June 4 (UPI) -- Americans who live in impoverished neighborhoods nationwide don't agree on whether their children have access to high-quality public schools, new research said Tuesday.
Gallup said in a survey that only about a third (35 percent) of Americans who live in "fragile" U.S. communities -- those with concentrated poverty and limited opportunity -- believe they have access to high-quality education. Another third (33 percent) said they have no such access, and another third (32 percent) are neutral or have no opinion.
The research was based on an analysis of "fragile communities" by Gallup and the Center for Advancing Opportunity, called the State of Opportunity in America. The study focused on residents' perceptions of public schools and college opportunities in impoverished communities.
The report noted that more whites from fragile communities (38 percent) are optimistic about access to high-quality schools, compared to just 29 percent who disagree. Those figures are nearly inverse among blacks. The response among Hispanics is very similar to whites.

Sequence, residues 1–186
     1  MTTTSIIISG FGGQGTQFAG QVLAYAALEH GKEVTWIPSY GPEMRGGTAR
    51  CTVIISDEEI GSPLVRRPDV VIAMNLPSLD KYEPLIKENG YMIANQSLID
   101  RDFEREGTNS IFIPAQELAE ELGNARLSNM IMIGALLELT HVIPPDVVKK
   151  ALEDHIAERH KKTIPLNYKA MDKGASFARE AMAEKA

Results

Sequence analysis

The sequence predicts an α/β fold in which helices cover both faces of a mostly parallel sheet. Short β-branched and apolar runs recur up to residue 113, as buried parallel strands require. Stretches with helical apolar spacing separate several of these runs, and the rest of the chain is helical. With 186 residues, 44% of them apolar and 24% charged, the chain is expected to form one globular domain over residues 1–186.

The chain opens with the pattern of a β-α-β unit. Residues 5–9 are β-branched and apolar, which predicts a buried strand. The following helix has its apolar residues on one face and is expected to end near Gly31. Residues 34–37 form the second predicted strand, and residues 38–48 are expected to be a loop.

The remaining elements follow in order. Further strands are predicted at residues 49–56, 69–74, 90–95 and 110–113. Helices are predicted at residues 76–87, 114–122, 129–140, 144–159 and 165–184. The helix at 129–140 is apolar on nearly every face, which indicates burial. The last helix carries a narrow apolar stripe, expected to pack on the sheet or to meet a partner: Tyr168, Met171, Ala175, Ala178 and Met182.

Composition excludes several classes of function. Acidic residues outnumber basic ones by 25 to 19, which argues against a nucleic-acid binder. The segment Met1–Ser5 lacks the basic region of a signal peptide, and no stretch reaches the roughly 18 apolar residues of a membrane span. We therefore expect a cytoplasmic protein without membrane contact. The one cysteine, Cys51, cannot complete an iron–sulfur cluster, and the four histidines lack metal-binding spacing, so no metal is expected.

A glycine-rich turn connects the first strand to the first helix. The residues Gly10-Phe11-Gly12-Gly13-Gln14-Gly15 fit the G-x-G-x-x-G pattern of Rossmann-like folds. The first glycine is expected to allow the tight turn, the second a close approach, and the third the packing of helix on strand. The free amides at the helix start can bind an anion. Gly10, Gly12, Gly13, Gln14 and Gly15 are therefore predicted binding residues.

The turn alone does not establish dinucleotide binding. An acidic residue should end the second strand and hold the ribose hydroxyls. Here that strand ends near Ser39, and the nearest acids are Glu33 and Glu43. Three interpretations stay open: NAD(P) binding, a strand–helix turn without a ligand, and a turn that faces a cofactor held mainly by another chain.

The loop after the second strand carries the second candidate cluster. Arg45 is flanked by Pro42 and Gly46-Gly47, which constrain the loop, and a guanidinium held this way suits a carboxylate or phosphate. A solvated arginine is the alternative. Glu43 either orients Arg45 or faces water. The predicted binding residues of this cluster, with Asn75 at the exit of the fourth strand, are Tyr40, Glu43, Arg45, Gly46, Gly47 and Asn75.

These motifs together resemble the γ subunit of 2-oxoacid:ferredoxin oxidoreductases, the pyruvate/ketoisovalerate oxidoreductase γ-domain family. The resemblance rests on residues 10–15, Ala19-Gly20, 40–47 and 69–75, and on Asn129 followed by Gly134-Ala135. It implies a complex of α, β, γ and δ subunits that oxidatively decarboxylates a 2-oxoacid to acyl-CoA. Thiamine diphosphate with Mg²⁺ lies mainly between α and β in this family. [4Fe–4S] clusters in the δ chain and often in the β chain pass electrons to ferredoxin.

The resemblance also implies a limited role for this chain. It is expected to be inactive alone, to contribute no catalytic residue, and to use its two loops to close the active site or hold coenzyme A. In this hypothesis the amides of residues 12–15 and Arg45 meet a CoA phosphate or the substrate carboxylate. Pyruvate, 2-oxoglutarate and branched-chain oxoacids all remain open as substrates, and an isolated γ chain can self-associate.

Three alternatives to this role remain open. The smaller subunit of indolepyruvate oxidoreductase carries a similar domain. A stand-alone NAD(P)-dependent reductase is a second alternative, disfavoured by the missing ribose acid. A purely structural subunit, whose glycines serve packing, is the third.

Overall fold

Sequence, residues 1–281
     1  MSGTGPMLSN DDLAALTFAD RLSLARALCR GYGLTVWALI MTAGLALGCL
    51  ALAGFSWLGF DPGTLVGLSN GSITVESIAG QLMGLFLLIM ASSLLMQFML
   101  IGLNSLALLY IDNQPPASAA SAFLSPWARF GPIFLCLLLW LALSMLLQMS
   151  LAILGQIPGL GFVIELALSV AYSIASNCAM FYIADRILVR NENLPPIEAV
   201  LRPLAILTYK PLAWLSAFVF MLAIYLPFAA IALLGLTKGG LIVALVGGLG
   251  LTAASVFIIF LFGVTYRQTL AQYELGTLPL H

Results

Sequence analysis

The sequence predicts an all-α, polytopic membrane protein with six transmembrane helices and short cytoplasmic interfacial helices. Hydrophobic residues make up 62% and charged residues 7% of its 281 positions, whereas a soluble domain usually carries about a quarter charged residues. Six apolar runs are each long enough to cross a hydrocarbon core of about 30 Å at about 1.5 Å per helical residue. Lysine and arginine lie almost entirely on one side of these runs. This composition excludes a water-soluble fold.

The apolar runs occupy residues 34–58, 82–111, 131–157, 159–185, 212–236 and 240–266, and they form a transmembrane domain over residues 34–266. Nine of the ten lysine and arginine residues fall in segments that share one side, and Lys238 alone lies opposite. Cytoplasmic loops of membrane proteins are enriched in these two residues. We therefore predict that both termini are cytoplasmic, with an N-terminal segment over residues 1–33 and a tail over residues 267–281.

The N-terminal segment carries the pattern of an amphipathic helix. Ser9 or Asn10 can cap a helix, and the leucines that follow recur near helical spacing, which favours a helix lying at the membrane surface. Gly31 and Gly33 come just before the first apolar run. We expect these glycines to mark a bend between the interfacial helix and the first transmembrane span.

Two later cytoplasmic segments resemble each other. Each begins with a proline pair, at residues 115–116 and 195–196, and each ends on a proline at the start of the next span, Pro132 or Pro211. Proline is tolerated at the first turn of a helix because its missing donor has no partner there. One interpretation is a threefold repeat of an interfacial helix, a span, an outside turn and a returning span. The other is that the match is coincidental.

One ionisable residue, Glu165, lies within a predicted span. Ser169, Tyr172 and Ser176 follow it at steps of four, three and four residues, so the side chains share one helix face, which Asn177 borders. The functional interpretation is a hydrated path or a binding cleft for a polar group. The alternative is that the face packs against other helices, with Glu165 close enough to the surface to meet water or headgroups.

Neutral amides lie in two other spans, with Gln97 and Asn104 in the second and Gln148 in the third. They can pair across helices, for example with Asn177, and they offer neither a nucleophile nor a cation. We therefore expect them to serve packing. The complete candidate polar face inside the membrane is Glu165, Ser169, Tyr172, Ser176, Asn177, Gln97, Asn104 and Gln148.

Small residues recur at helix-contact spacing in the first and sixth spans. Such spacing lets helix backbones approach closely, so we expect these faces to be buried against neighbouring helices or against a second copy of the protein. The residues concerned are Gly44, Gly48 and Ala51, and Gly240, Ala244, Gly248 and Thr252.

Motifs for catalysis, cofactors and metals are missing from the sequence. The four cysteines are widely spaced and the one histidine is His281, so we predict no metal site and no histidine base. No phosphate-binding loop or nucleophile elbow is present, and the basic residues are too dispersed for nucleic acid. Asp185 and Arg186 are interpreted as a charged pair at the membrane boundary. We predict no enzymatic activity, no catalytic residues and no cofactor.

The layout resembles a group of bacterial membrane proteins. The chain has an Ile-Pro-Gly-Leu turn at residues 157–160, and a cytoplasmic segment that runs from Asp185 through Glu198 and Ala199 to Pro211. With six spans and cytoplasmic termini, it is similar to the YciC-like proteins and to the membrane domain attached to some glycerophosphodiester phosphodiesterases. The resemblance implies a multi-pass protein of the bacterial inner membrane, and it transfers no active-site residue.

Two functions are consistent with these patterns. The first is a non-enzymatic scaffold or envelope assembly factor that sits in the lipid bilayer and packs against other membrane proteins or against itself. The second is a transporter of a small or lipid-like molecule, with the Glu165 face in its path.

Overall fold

"Access to high-quality K through 12 education is a critical building block for a positive life trajectory for students," Gallup said in its report. "While economic and education challenges disproportionately impact fragile communities, the CAO study reinforces that residents of these communities are not without hope.
"When students are able to complete education beyond high school, they have more optimism about their future lives and greater confidence and they can set and achieve their goals."